Quote from Henry David Thoreau,
"Is a democracy, such as we know it, the last improvement possible in government? Is it not possible to take a step further towards recognizing and organizing the rights of man? There will never be a really free and enlightened State until the State comes to recognize the individual as a higher and independent power, from which all its own power and authority are derived, and treats him accordingly. I please myself with imagining a State at least which can afford to be just to all men, and to treat the individual with respect as a neighbor; which even would not think it inconsistent with its own repose if a few were to live aloof from it, not meddling with it, nor embraced by it, who fulfilled all the duties of neighbors and fellow-men. A State which bore this kind of fruit, and suffered it to drop off as fast as it ripened, would prepare the way for a still more perfect and glorious State, which also I have imagined, but not yet anywhere seen."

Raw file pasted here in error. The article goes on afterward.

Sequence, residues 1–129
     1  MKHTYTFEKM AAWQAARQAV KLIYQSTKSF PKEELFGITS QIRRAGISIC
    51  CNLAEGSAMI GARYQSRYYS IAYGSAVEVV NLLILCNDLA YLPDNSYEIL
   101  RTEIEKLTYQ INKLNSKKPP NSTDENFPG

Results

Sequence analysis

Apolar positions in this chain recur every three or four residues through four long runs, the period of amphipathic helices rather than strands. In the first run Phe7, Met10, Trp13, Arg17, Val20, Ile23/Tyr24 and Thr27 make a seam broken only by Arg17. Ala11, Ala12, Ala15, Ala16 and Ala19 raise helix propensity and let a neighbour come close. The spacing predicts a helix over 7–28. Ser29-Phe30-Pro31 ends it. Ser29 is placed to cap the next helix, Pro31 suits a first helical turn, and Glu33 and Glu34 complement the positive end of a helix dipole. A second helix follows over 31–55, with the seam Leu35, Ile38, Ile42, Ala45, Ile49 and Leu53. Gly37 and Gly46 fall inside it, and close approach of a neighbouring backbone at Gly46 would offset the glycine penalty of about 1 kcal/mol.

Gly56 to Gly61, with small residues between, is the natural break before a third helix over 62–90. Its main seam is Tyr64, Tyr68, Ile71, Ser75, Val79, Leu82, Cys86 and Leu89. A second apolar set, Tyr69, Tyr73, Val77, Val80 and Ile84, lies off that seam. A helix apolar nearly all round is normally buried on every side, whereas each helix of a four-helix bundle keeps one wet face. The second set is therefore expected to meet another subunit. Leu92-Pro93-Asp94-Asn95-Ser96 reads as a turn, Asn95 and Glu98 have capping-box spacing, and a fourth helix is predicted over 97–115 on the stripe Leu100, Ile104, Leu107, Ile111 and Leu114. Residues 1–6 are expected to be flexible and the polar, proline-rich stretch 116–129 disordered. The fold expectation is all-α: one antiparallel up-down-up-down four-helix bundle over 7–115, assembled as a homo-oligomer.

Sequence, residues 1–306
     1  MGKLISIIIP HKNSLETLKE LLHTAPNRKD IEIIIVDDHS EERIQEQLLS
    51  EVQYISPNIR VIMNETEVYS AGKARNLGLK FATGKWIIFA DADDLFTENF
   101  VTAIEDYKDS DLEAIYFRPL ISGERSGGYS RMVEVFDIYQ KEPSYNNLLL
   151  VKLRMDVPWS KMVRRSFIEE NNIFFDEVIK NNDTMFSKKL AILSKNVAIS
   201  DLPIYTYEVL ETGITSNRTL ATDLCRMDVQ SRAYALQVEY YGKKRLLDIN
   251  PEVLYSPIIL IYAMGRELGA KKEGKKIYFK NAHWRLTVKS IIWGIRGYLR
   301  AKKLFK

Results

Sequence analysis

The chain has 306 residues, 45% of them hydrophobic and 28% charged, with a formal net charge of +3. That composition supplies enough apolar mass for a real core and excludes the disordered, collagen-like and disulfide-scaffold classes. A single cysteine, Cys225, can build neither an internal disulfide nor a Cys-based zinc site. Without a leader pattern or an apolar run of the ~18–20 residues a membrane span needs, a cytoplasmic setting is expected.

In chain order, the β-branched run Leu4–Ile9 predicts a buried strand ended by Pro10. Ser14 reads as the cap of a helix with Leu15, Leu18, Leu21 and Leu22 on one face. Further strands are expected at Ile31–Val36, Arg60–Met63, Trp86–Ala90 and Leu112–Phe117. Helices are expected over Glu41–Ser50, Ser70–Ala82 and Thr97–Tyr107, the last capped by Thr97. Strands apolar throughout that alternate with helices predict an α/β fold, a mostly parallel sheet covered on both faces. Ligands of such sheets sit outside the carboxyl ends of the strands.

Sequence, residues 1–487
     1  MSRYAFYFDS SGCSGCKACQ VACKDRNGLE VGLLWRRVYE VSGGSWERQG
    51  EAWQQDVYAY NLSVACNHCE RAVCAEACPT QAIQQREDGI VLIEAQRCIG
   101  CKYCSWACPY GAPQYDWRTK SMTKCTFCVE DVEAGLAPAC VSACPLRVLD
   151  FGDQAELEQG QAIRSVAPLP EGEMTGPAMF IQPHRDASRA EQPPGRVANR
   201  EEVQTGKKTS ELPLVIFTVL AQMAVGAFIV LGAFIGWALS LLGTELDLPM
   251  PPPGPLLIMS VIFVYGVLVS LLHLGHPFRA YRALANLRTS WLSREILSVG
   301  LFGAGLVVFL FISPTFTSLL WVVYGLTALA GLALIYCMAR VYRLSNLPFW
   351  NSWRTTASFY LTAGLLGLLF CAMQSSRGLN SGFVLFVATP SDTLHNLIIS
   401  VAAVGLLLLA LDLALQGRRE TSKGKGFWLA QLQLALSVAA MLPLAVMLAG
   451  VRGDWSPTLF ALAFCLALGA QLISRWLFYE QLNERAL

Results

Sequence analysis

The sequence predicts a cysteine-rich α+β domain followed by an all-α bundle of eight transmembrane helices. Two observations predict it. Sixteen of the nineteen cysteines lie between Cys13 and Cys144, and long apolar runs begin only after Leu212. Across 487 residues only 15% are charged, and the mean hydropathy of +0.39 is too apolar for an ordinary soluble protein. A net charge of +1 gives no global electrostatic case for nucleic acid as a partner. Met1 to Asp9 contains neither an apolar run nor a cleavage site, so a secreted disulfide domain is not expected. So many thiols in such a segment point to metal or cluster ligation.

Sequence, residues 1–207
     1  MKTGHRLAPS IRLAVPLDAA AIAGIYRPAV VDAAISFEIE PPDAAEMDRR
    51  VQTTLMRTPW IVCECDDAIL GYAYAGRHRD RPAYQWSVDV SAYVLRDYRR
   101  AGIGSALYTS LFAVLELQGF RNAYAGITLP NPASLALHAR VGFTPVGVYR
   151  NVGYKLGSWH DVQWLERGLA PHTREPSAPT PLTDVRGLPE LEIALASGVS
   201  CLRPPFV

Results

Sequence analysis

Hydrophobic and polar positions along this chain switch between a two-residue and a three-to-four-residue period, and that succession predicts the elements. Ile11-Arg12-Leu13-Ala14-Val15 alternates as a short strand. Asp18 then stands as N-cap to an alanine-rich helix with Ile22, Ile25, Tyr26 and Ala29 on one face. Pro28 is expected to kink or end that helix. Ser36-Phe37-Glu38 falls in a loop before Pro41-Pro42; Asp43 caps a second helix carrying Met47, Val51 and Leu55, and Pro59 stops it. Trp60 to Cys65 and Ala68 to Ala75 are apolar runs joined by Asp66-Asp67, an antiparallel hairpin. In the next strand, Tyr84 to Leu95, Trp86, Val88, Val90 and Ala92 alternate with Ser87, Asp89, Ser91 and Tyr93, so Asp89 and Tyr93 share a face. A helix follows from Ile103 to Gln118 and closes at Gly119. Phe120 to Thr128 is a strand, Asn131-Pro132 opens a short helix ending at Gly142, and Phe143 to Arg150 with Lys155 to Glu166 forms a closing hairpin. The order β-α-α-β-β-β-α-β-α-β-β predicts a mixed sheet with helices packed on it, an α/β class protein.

Henry David Thoreau (more quotes by Henry David Thoreau or books by/about Henry David Thoreau)
(1817-1862) American author, poet, philosopher, polymath, abolitionist, naturalist, tax resister, development critic, surveyor, historian, and transcendentalist
Civil Disobedience (1849)
Authority, Democracy, Equality, Government, Individual Rights, Individualism, Justice, Power, Rights, Self-Determination, Skepticism, Vote